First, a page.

Alabama's State Capitol is filled with history. After its first four locations across the state — St. Stevens, Huntsville, Cahaba and Tuscaloosa — Montgomery became its fifth and current home on 1846.
The original stucco-over-brick capitol burned within two years of its completion and it was soon rebuilt from 1850 to 1851. The current capitol is built atop much of the original foundation in its largely Greek Revival style, which was popular during the period. The clock over the portico, which looks like a random addition, was a gift from the city to the state in 1852.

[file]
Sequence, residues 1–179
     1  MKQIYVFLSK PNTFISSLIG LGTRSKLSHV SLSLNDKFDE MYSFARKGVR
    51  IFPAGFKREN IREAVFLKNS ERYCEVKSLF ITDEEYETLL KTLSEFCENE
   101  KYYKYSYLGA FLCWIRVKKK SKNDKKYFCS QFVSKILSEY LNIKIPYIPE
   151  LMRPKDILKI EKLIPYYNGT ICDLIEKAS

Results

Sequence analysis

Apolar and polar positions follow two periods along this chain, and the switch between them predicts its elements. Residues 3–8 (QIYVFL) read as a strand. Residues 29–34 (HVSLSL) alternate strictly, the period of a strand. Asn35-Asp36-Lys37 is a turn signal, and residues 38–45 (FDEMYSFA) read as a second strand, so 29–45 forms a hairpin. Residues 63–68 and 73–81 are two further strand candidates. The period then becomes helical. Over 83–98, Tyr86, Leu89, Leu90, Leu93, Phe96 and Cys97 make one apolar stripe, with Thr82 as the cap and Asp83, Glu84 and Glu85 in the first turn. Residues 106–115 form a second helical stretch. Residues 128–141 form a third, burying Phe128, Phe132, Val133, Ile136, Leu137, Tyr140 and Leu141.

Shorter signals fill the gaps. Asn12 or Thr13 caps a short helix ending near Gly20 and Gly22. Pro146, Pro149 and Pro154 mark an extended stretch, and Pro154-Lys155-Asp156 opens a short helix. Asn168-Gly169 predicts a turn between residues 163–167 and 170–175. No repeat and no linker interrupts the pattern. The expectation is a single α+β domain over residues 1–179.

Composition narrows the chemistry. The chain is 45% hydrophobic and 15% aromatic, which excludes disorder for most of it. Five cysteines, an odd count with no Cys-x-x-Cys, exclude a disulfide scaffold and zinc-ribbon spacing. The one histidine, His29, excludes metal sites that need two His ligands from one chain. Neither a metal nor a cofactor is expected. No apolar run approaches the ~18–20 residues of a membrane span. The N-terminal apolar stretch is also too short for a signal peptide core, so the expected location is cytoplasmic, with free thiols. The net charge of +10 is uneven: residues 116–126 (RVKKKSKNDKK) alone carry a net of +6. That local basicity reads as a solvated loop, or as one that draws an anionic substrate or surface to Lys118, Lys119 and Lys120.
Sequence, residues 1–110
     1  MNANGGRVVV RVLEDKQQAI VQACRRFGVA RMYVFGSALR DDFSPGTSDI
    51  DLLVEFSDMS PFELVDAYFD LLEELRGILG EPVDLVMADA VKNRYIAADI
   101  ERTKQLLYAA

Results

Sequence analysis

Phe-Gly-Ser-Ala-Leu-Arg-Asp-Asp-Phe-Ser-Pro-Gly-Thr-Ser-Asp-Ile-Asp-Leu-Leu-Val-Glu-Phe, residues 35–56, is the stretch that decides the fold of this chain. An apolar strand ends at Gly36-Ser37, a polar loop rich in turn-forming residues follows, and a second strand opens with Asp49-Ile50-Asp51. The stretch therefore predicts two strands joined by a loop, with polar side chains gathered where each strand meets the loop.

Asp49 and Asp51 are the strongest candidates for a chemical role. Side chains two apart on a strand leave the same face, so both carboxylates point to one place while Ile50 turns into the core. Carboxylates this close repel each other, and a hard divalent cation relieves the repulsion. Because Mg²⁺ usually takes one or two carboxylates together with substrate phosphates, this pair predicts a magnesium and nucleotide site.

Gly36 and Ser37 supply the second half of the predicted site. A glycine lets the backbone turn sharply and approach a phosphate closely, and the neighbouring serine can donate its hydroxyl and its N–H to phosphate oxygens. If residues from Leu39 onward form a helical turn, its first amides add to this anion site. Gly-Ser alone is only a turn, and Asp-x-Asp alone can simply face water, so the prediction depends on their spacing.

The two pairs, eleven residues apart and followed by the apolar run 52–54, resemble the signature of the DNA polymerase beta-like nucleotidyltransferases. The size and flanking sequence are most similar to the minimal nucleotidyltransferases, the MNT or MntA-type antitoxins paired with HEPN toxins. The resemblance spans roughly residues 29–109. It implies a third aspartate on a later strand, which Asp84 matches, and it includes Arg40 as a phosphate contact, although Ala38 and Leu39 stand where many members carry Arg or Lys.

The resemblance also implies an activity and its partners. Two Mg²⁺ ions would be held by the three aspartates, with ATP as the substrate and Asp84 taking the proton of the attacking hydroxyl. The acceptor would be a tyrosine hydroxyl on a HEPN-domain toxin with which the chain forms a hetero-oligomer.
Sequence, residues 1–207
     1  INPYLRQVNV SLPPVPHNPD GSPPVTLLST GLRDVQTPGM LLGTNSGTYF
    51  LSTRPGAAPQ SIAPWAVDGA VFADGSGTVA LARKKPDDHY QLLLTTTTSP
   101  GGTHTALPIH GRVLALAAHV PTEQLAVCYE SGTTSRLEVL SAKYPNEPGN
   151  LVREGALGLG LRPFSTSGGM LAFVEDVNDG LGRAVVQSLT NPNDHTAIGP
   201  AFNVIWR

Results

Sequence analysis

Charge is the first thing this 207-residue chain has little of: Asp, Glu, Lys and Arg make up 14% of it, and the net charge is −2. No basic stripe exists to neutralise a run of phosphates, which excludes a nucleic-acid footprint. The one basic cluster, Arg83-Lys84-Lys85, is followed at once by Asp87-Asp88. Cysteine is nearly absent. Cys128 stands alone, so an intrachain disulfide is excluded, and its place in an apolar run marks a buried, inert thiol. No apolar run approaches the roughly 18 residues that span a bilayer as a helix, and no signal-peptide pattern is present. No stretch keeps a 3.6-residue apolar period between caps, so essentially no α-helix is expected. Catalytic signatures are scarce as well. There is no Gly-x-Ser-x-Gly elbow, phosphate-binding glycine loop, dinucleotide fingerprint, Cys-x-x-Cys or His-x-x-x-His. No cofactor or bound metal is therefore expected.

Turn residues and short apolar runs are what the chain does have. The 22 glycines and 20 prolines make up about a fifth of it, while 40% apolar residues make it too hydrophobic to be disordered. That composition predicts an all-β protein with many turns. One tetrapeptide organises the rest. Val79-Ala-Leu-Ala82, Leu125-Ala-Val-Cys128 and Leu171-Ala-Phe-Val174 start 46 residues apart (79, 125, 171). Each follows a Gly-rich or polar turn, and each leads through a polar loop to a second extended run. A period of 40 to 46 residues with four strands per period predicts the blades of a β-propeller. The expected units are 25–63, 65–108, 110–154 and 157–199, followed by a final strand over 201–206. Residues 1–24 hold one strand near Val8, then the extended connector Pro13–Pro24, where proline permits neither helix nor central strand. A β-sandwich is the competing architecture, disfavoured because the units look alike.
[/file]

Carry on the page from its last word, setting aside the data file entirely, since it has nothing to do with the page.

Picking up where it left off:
In 1861, at the front of the capitol, Jefferson Davis was inagurated as the President of the Confederate States of America. Today a six-pointed star marks the location in the marble floor. On March 25, 1965, Martin Luther King, Jr. during the third Selma to Montgomery march, ended his walk with a speech at the base of the capitol's steps.
The capitol was declared a National Historic Landmark in 1960 and some limited areas are open for tourists, including the rotunda and entry stairhall.